08 Aug What Is the Importance of Dressing Well at Work?
The age-old phrase command that you must “dress for success” is one that resonates anytime you insert yourself into a work setting. From your initial interview to your first day on the clock or even six months down the road, the way you dress completely affects the way you carry yourself.
And there’s science behind it too! A study conducted by the Scientific American found that formal dress lead to higher abstract thinking — doctors wearing lab coats were able to focus better and athletes wearing the color red were able to lift heavier and compete harder. Think about it, when you look good, you feel good. You sit up a little taller, carry yourself with a bit more confidence, and exude a certain aura that makes people do a double-take.
So if you’ve gotten into the habit of saying “I’ll clean up my act tomorrow” and have become lazy with your dressing efforts, it may be about time to get your groove back. Let’s take a deep dive into the reasons why dressing well at work matters, and why you should begin today!
Reason #1: Your appearance speaks before you do
They say first impressions are everything. When you meet someone for the first time, what do you notice before they introduce themselves? Is it how their hair is styled? Is it how well-tailored their clothing is? Is it their manicured nails? Perhaps it’s their toothy smile (especially if there’s spinach stuck in it). There are a variety of checklist points that you fly through when meeting a stranger, and all of this likely happens completely unconsciously.
Before the stranger even gets the chance to introduce themselves and reveal their true intentions, you’ve already made up your mind about the type of person you’re meeting. This alone speaks to the importance of dressing well at work.
Study the things that make an impression on you and apply it to yourself. No matter what your particular workspace looks like, when you show up looking prim and proper, people are more likely to approach you, and even more likely to respect you— all before you’ve even spoken a word.
Reason #2: Your confidence matters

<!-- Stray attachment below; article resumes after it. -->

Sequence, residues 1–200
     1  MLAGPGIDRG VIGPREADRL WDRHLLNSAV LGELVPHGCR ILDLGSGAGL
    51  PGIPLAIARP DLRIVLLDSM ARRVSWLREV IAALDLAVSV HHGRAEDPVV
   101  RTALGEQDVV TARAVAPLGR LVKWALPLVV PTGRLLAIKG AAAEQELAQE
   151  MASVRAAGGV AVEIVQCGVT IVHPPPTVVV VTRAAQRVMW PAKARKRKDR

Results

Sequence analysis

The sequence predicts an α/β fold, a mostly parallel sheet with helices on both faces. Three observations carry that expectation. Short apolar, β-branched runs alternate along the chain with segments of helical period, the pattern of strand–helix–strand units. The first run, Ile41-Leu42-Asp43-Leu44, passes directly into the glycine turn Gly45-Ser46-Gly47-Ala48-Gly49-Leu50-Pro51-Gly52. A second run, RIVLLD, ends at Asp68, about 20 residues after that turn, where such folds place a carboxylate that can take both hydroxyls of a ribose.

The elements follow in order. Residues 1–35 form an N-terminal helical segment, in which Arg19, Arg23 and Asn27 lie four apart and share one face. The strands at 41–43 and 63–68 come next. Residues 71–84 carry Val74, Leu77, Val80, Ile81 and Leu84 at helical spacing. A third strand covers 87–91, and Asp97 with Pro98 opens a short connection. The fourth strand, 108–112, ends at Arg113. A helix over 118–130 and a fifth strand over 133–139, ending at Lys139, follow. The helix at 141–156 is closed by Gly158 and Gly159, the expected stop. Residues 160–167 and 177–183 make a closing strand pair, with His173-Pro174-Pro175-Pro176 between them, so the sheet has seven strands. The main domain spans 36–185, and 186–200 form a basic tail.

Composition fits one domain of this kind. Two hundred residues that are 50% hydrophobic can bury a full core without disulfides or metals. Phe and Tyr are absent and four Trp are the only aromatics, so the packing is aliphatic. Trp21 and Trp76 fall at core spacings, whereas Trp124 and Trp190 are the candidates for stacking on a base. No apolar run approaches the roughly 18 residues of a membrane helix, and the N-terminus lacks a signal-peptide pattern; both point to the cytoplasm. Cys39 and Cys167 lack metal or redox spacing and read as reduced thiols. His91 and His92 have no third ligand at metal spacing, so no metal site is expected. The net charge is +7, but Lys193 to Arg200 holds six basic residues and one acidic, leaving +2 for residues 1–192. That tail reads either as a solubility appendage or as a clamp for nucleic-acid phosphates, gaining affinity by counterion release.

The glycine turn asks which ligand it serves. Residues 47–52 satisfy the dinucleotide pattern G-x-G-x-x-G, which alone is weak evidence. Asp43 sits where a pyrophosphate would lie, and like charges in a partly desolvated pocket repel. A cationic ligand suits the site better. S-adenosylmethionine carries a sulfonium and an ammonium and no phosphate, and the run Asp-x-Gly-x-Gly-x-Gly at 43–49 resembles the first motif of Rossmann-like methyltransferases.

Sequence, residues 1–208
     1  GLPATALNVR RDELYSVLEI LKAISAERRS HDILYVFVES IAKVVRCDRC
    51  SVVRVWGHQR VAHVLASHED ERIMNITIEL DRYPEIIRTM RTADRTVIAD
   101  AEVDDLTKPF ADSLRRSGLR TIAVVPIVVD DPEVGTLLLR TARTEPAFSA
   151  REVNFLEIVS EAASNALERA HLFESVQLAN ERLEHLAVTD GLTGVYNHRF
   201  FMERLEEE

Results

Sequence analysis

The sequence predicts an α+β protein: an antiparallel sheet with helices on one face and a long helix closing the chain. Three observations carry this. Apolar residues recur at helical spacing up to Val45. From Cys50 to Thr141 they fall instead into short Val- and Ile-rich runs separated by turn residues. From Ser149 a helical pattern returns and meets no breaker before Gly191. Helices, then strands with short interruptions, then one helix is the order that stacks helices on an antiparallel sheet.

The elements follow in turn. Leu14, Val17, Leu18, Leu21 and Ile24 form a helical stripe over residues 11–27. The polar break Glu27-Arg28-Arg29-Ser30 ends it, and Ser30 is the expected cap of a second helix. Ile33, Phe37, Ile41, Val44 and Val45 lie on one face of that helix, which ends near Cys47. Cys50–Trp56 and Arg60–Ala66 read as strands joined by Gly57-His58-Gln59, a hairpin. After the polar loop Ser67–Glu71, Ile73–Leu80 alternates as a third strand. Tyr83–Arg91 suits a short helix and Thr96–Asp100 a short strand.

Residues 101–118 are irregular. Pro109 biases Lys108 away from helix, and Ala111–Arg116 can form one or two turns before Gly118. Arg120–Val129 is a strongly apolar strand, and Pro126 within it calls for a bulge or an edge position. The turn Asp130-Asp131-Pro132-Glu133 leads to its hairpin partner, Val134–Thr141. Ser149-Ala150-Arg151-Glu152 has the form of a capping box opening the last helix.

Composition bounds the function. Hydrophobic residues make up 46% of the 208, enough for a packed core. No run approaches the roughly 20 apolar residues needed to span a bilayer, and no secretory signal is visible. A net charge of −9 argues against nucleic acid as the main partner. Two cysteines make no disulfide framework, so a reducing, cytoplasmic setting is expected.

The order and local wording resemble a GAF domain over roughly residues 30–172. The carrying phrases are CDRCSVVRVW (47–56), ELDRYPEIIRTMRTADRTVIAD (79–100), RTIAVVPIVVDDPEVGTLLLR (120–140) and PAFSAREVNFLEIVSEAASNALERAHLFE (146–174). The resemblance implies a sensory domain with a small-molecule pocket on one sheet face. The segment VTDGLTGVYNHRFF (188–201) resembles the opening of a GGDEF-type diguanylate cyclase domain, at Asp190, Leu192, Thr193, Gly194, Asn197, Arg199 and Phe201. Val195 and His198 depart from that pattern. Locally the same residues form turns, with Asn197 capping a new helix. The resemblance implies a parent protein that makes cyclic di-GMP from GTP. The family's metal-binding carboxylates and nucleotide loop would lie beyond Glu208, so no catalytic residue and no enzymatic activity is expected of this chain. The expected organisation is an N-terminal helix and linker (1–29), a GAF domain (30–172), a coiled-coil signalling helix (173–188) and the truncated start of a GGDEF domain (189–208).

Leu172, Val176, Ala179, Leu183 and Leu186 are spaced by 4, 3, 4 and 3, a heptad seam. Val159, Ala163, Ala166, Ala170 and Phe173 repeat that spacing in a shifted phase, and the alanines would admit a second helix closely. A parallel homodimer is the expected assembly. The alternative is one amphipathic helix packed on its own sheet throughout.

Though we’d all like to believe that our burgeoning personalities can be the backbone of our confidence levels, that’s not always the case. Your confidence is more contingent upon your external appearance than you’d probably like to admit, but there’s a certain strength in understanding that about yourself.
If you’ve ever taken the time to read a self-help book about boosting your self-esteem, you’ve probably noticed how frequently authors mention how dressing well can positively affect the way you think about yourself. Rather than settling on a wrinkly shirt for that Monday meeting, wake up 15 minutes earlier to give yourself time to iron it out, and make the right impression on your colleagues and superiors.
You might even consider adding carefully chosen accessories to bolster your appearance. Men’s glasses and women’s heels have the same added effect— heightening your level of refinement with one fell swoop.
When you show up to that meeting, you’ll enter the space feeling bulletproof— no one can talk you down when you’re feeling 100%.
Reason #3: Prove your attention to detail
Silly as it may sound, showing that you care about your appearance also shows your keen attention to detail. Having the ability to craft an outfit is one thing but being able to put together an ensemble that takes color, cut, and texture into account only further proves how well organized and thoughtful you truly are.
To colleagues and bosses, they can sense how well-developed your mental habits are. They are, after all, most interested in your work ethic. The more able you are to present that you’re a responsible human being capable of taking care of business while taking care of yourself, the better.
When all is said and done, the reigning reason to care for your appearance is to take charge of your life. Well-dressed people can take the way the world perceives them into their own hands and mold it into the most positive perception possible. So, what’s stopping you?